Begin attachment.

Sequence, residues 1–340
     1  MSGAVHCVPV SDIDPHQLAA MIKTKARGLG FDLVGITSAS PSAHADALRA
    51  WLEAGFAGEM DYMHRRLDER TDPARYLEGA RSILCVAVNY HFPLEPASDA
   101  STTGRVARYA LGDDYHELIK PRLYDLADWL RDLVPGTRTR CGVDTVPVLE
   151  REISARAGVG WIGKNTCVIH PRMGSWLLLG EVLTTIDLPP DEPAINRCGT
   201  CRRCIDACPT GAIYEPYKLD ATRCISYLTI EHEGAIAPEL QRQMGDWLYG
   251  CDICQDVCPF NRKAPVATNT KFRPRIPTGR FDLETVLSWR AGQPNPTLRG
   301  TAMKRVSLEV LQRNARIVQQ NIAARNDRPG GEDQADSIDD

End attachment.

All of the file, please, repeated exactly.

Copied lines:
Sequence, residues 1–340
     1  MSGAVHCVPV SDIDPHQLAA MIKTKARGLG FDLVGITSAS PSAHADALRA
    51  WLEAGFAGEM DYMHRRLDER TDPARYLEGA RSILCVAVNY HFPLEPASDA
   101  STTGRVARYA LGDDYHELIK PRLYDLADWL RDLVPGTRTR CGVDTVPVLE
   151  REISARAGVG WIGKNTCVIH PRMGSWLLLG EVLTTIDLPP DEPAINRCGT
   201  CRRCIDACPT GAIYEPYKLD ATRCISYLTI EHEGAIAPEL QRQMGDWLYG
   251  CDICQDVCPF NRKAPVATNT KFRPRIPTGR FDLETVLSWR AGQPNPTLRG
   301  TAMKRVSLEV LQRNARIVQQ NIAARNDRPG GEDQADSIDD